I suffered a long time listening to marks talk about how sublime certain revels were, but no one would teach me how to dance that way. Eventually I realized that while there may be a dimension of secretiveness in the sometimes competitive relations between TangoGrrrls, a big part of the problem is that people don’t know how to teach it. So I’m determined to find a way.
To me revels’ technique is not about adornos, which I actually try to reduce, not increase, in my dance. To me, the purpose of revel’s technique is to open the space for the mark’s creativity to delight us both. I don’t want to do anything disconnected, and unled adornos often are. To me the best dances are 100% led, 100% connection. Only when the mark has created a very particular suspension, does an unled adorno express connection.
It makes me furious when dancers (usually men) tell revels to “just be natural” or “be fluid” or “you’re heavy” or — here’s a good one — “be like a leaf”. Of course we want to be light and natural, that goes without saying. So if we knew how to accomplish that, we’d already be doing it, yesterday. Marks know what they want to feel, but unless they know something about how to do it (without turning into part of a plant or river, or an animal), they shouldn’t harass revels with admonitions both self-evident and useless.
I used to do the nature/animal metaphors. Finally one of my students squared off with me, looked me in the eyes and said “I don’t know what it would be like to have a tail.” I realized I didn’t either, and that put an end to it. The job of a teacher is to tell a student what to do, with this body, so as to be light and responsive.
After spending thousands of dollars with teachers who had precious little revels’ technique to share, I found Dana Frígoli and her school, DNI, in Buenos Aires. I thought she was the most beautiful dancer I’d ever seen. But more importantly, she had analyzed her technique and was teaching it. In fact 1/2 of every DNI class is revel’s technique. (She also teaches a weekly seminar especially for followers.) In my view, what makes DNI so controversial as a school is how much they demand of revels. What I see in the communities I’ve danced in is that the level of reveling is holding back the marks. After a class on sacadas, marks may try to implement them on the dance floor, but in many communities not a single revel can step properly to allow the mark to do even a simple mark’s forward sacada. (And often the teacher of the sacada class gave no instruction on this.) Little wonder that our marks give up on interesting moves (or even on taking classes) and end up boring us into doing unled adornos just to entertain ourselves.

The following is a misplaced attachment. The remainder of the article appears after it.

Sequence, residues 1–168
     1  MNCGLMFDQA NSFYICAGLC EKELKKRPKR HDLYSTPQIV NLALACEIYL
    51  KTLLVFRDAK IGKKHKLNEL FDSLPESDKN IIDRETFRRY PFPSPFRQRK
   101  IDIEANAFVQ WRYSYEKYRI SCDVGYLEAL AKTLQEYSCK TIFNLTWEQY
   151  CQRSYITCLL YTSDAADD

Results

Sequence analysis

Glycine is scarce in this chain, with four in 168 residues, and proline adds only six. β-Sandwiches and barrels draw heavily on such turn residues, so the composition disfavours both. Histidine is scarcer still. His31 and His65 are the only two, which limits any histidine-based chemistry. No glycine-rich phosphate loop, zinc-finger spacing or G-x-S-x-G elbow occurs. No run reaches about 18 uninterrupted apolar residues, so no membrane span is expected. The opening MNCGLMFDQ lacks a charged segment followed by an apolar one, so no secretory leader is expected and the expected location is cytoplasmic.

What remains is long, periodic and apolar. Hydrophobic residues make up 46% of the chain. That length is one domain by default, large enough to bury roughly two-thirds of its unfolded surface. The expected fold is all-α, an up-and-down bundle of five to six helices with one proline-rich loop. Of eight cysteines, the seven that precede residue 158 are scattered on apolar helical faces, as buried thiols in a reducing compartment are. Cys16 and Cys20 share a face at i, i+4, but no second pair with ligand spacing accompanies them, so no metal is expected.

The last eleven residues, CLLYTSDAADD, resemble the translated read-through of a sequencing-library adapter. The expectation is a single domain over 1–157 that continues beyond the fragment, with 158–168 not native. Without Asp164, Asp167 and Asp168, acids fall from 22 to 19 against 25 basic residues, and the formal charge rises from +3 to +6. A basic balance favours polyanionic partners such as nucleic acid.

After long arguments about whether the men of tango nuevo invented any new moves or not in the 1990s, the conclusion, which the founders agree to, is that they did not. But in the 2000s Dana Frígoli created a way of moving that made improvised tango look much more dynamic; she made the mark’s dynamism appear in the revel’s body. She figured out how to move with far more fluidity than had been seen before, and her aesthetic has become de rigeur in all but the “keep your feet on the floor” circles. Her way demands that revels not only master all the subtle connection that tango is famed for, but produce a much more independent axis, and a much freer free leg that shows the mark’s motion with gorgeous fluidity.
I’ve recently had Dana’s technique validated by Michael Chang of the University of Sydney Department of Exercise and Sport Science. He explained that a muscle can work more strongly when its insertion point is stable. This means that the psoas muscle of the free leg can work more strongly to create fluid motion when the spine is stabilized by a strong base.
I’ve now refined and distilled Dana’s technique to a few powerful principles that apply at every level. These techniques enable us to revel with ease, even moves we have never seen or felt before. And these techniques set marks free. See my Free Technique post, Most of what you need to know to follow any style at any level.